Totally forgot about the DVD will shoot Keith a mail again and ask him to send it to you.

I am with you on the precision Pablo, only thing different it takes more effort to reach precision but that is a matter of time and practice.

Thank you for doing the effort to photograph each step of your checks and the accompanied explanations, this helps a lot.
It may seem as totally obvious but many things do in hindsight.

You know what they say "Hindsight has clear vision"


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#23 Pablo

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Posted 15 October 2014 - 01:04 PM

As it turns out, a Chicagoland .040 brackagra can slip completely underneath the bracket face with a couple thou to spare.

So, I soldered on a piece of 1/8 brass angle a hair narrower than the inside of the bracket, about 1/16 in back of the front edge.

I'll solder the angle up against the inside face, connecting brackagra to bracket. This way the brackagra is able to sit at ground zero.

I'll also solder pieces of angle from brackagra up the bracket sides.

IMG_2409.JPG

 

Brackagra is secured to rails and bracket, and everything is braced for heavy battle.  Joints here are merely tacked, rough and ugly until I can get it out of the jig and re-solder everything that needs it.  Jersey John says you can never overbrace :D although I'm well aware my rear ends are way overbuilt :aggressive: Jaak, I'm showing you this ugly bracket work because Idon't want anything flexing in my motor box area.  I'm also willing to spend extra effort to ensure nothing ever breaks.  Even if it did, redundancy in the design will allow the car to continue instead of failing. 

 

The wire pieces with goofy bends are .063 which connect the rails to the bracket, brace the bracket sides and axle tube.

It's bigger wire than it needs to be, but by being same size as the rails it creates a perfect nest for a pair of .047 braces that do triple duty by securing brackagra, rails, bracket, and axle tubes.  Simple "L" braces strengthen the insides of the tubes, bracket sides, and top of the bracket face.  I know it looks sloppy right now, but that will soon change  :D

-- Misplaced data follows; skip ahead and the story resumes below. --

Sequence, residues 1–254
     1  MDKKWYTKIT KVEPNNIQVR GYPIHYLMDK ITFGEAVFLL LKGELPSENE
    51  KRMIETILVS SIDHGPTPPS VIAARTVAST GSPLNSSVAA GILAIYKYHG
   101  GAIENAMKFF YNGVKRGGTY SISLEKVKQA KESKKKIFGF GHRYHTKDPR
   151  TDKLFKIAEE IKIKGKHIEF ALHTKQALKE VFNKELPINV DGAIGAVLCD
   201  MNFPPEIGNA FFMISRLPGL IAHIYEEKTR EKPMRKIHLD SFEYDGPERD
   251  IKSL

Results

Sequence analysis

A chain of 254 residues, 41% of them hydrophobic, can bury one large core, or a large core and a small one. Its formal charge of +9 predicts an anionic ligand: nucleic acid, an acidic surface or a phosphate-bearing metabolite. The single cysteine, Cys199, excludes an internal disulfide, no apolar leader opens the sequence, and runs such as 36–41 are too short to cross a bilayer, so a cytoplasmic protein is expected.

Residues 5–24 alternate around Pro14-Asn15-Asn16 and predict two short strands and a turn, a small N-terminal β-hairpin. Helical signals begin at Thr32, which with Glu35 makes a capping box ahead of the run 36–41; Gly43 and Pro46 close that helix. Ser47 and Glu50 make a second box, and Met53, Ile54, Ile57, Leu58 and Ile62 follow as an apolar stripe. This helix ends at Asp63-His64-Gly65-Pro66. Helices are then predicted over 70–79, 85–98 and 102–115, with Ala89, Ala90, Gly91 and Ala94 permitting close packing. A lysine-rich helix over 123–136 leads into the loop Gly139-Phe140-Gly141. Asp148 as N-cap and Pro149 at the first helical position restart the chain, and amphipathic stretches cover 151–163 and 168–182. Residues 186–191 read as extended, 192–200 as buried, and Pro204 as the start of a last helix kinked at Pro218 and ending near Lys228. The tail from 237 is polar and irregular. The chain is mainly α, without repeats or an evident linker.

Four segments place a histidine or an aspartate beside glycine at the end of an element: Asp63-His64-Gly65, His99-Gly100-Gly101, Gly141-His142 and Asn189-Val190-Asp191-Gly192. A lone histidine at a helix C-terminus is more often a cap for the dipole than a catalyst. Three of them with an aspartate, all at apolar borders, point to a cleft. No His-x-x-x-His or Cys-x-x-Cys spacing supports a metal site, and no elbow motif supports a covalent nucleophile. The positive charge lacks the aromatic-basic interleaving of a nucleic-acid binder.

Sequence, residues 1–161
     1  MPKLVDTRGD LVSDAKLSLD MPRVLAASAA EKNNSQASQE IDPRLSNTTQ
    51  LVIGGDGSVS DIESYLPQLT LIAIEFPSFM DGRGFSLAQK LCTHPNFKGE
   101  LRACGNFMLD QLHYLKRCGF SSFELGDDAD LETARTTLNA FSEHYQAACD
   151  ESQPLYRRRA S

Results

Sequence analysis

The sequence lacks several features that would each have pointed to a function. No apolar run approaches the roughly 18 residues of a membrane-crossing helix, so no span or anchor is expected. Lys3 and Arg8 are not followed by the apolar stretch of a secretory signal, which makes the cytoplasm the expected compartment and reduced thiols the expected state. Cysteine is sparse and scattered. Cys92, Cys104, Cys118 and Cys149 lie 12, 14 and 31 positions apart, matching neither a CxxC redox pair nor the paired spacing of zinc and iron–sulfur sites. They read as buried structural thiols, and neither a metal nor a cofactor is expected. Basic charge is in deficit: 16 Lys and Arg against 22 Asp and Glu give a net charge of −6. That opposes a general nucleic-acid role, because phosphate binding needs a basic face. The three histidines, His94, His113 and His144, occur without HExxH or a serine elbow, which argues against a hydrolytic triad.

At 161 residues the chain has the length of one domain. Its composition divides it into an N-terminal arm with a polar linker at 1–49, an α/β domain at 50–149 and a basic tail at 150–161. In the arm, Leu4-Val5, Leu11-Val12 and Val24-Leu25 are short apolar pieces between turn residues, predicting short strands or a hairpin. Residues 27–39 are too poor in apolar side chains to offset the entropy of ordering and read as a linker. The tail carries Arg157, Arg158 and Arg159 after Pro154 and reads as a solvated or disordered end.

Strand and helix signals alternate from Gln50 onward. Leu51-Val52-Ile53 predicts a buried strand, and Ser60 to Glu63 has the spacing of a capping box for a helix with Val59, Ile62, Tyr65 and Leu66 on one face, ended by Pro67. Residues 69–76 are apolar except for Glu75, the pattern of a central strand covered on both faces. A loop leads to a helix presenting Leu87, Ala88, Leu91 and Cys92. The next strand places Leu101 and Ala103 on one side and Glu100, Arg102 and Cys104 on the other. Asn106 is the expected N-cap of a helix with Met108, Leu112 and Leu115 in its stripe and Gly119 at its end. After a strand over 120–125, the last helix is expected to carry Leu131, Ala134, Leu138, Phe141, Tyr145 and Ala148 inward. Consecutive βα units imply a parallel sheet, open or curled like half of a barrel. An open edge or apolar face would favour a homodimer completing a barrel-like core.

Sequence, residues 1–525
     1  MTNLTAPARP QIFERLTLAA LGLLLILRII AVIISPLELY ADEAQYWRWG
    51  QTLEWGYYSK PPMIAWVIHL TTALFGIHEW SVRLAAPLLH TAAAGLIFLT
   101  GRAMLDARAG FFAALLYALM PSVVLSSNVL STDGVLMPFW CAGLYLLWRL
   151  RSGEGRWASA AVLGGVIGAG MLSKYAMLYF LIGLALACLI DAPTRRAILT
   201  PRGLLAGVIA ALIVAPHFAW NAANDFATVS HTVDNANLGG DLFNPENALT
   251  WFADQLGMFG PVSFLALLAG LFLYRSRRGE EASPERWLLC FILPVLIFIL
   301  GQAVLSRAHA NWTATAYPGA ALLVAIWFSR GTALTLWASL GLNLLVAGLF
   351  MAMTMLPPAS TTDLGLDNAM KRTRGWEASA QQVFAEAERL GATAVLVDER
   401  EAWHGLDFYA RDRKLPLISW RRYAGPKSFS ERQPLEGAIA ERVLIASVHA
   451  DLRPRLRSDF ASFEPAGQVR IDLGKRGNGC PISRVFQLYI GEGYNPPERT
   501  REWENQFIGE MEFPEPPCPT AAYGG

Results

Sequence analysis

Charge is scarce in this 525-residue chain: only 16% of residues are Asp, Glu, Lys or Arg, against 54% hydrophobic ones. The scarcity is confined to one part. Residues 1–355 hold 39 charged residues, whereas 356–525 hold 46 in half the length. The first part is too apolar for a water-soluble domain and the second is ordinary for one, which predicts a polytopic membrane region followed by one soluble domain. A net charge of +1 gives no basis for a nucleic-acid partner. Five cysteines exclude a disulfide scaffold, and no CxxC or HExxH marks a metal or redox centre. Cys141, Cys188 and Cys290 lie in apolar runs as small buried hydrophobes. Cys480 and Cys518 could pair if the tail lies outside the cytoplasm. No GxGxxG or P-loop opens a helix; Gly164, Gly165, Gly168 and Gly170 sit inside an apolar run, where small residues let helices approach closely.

IMG_2450.JPG


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#24 Pablo

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Posted 15 October 2014 - 09:22 PM

Chicagoland .040 steel tongue, shortened to .74".  Hole filed out just a little for free rotation of the flag post.  All surfaces (including edges) wet sanded.  Flat, true, square, tinned, and centerlines scribed on both sides for perfect alignment.

IMG_2458.JPG

IMG_2477.JPG


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#25 Jaak

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Posted 16 October 2014 - 03:06 AM

Heya Pablo,


Thank you for the next installment, is the Bracket face the side where the motor is attached? and what is a Backagra?

Nice amount of bracing you got going there at the back, I like the idea of scribing the centerlines.
Will do this from now on, I did mine by eyes only. (as everything else on the car)

I am losing you on what you mean here:

As it turns out, a Chicagoland .040 brackagra can slip completely underneath the bracket face with a couple thou to spare.

So, I soldered on a piece of 1/8 brass angle a hair narrower than the inside of the bracket, about 1/16 in back of the front edge.

I'll solder the angle up against the inside face, connecting brackagra to bracket. This way the brackagra is able to sit at ground zero.

I'll also solder pieces of angle from brackagra up the bracket sides.

Jaak